From the Editors
One of our primary goals as editors of Contexts magazine is to highlight and center scholarship that often gets pushed to the periphery. We did this for our Summer 2020 special thematic issue on Indigenous sociology. We brought on two experts on Indigenous studies—Nicholas Reo and Angela Gonzales—to serve as our guest editors.
Nicholas is an Associate Professor of Native American and Environmental Studies at Dartmouth College, where he studies Indigenous knowledge and ecological stewardship on Indigenous lands. He is a citizen of the Sault Ste. Marie Tribe of Chippewa Indians. He also runs the Homelands Collective, which includes students, faculty, and community knowledge holders invested in indigenous environmental work and indigenous environmental studies. The collective supports Indigenous nations’ and organizations’ efforts to care for their homelands—the lands and waters that give life to our societies.
Angela is an Associate Professor of Sociology, in the School of Social Transformation at Arizona State University. Her research crosscuts and integrates the fields of Sociology and Native American/Indigenous Studies with community-based research examining sociological processes related to identity, civic engagement, and community health. Angela is an enrolled member of the Hopi Tribe from the Village of Shungopavy (Spider Clan). She is past-President of the Hopi Education Endowment Fund and currently serves of the Board of the Colorado Plateau Foundation.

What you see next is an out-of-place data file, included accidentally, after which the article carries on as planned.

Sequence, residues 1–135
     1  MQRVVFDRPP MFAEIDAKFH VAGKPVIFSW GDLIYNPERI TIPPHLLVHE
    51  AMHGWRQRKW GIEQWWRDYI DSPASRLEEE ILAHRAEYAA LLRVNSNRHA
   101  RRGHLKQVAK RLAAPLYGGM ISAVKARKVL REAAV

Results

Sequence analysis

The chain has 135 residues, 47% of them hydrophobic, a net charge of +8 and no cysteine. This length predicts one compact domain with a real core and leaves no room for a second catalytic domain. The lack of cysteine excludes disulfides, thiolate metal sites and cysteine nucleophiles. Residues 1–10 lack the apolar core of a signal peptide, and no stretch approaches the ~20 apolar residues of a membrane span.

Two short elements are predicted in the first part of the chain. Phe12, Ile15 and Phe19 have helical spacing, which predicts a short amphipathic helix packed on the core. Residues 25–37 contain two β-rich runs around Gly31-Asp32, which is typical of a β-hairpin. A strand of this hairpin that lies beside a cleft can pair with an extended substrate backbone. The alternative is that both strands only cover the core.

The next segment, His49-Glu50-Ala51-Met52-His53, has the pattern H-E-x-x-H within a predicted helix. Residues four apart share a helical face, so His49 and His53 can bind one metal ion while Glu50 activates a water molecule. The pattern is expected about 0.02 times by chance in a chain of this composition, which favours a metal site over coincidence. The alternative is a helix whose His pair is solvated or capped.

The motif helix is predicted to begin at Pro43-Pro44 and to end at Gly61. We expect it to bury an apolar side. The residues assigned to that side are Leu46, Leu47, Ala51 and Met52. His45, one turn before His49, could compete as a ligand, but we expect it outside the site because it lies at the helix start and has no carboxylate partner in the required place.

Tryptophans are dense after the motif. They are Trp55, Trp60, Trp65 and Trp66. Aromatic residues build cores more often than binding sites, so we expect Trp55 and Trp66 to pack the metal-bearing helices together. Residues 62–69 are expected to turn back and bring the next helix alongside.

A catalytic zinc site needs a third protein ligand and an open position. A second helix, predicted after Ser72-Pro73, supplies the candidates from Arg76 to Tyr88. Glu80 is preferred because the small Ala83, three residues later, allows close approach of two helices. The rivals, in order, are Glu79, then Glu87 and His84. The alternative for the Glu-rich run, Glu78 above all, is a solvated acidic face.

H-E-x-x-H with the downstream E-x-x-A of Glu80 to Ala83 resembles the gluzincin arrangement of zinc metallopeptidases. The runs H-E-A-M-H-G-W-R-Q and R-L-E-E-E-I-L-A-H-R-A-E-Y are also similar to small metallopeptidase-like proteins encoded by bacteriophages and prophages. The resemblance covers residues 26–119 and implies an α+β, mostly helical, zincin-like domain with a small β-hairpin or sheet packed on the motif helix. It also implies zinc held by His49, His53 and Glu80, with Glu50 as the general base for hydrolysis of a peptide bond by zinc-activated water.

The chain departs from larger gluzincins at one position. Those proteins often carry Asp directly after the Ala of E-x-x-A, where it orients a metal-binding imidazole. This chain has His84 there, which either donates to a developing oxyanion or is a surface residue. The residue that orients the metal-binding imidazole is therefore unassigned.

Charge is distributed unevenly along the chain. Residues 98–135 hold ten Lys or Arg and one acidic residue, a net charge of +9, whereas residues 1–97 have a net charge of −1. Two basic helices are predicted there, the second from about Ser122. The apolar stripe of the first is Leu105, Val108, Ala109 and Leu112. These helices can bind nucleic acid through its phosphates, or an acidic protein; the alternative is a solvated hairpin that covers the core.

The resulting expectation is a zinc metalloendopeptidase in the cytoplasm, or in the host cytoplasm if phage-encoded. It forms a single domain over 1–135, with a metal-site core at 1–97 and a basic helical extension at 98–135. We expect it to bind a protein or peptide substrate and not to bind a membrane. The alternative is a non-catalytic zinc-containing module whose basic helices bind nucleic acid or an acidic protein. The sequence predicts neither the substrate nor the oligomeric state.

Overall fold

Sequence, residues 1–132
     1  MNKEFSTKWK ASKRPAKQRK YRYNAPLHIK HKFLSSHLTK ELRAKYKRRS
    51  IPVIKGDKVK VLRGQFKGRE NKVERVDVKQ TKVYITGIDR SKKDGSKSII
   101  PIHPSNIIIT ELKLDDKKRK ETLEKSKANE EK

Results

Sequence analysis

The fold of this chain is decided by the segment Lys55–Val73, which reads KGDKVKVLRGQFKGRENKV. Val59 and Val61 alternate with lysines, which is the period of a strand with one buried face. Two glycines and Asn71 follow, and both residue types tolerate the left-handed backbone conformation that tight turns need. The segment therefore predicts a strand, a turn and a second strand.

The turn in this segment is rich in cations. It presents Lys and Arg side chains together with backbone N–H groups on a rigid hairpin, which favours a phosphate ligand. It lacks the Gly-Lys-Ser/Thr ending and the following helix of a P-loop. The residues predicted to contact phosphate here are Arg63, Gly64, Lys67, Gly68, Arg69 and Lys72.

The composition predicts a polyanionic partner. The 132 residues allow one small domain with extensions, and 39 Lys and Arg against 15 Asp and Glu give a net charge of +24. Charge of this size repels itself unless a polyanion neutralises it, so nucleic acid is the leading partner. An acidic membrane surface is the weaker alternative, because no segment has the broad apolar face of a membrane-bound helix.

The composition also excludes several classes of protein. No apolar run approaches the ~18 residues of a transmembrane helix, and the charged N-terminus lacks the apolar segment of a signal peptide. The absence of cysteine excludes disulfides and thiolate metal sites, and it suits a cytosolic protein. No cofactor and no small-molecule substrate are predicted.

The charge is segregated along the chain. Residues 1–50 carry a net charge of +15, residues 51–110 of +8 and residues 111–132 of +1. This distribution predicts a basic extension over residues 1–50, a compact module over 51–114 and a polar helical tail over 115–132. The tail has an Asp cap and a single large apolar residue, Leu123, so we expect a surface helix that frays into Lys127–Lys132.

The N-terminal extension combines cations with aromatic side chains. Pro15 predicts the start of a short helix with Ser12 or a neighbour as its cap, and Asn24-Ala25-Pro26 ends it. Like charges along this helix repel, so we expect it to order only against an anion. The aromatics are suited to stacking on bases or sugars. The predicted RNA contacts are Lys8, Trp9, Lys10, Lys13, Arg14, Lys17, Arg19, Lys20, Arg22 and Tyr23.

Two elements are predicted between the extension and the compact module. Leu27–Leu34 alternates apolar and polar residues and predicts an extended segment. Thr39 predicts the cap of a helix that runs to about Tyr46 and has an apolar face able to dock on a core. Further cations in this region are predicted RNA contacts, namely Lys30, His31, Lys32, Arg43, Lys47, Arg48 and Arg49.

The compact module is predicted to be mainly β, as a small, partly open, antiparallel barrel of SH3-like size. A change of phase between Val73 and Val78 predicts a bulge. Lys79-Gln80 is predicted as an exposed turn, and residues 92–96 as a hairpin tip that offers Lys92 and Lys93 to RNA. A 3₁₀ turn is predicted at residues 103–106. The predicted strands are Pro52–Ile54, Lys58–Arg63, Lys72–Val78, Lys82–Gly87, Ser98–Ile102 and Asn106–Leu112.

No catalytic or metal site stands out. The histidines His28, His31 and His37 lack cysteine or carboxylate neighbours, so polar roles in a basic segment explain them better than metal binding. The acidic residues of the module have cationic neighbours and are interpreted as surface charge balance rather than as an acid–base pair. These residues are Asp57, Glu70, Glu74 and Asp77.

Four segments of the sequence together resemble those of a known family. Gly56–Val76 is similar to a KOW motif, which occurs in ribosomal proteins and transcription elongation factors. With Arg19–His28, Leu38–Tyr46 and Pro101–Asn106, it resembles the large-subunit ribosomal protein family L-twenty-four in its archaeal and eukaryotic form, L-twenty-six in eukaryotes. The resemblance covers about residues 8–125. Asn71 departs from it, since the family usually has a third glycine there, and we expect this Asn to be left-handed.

We center Nicholas and Angela’s community-based participatory research because it matters. Scholars can publish in academic journals and use their research to help inform policy and empower communities. Nick and Angela do this in our special issue on Indigenous sociology.
In addition to the articles on Indigenous sociology highlighted in Nicholas and Angela’s guest editor letter below, we have a slate of works across the magazine. In our Feature Article section, Stapleton, Sauder, and Hallett have a provocative and compelling article on public ideas and how they are socially constructed. Bodovski provides insight into the behavior of parents caught in the college admission scandal that rocked higher education in the United States. Our In Pictures section features something near and dear to Nicholas’ life—skateparks, and how they started as churches. Trends features the representation of women in political parties, and the Culture section focuses on how quilters have stepped up and used their skill during the pandemic. The Books section provides insightful reviews of some of the most notable recent books on race including Irbam Kendi’s How to be an Antiracist and Jonathan Metzl’s Dying of Whiteness.
Finally, be sure to take a good look at the cover for this issue. It features the work of Dillen Peace, an Indigenous artist.
Rashawn Ray and Fabio Rojas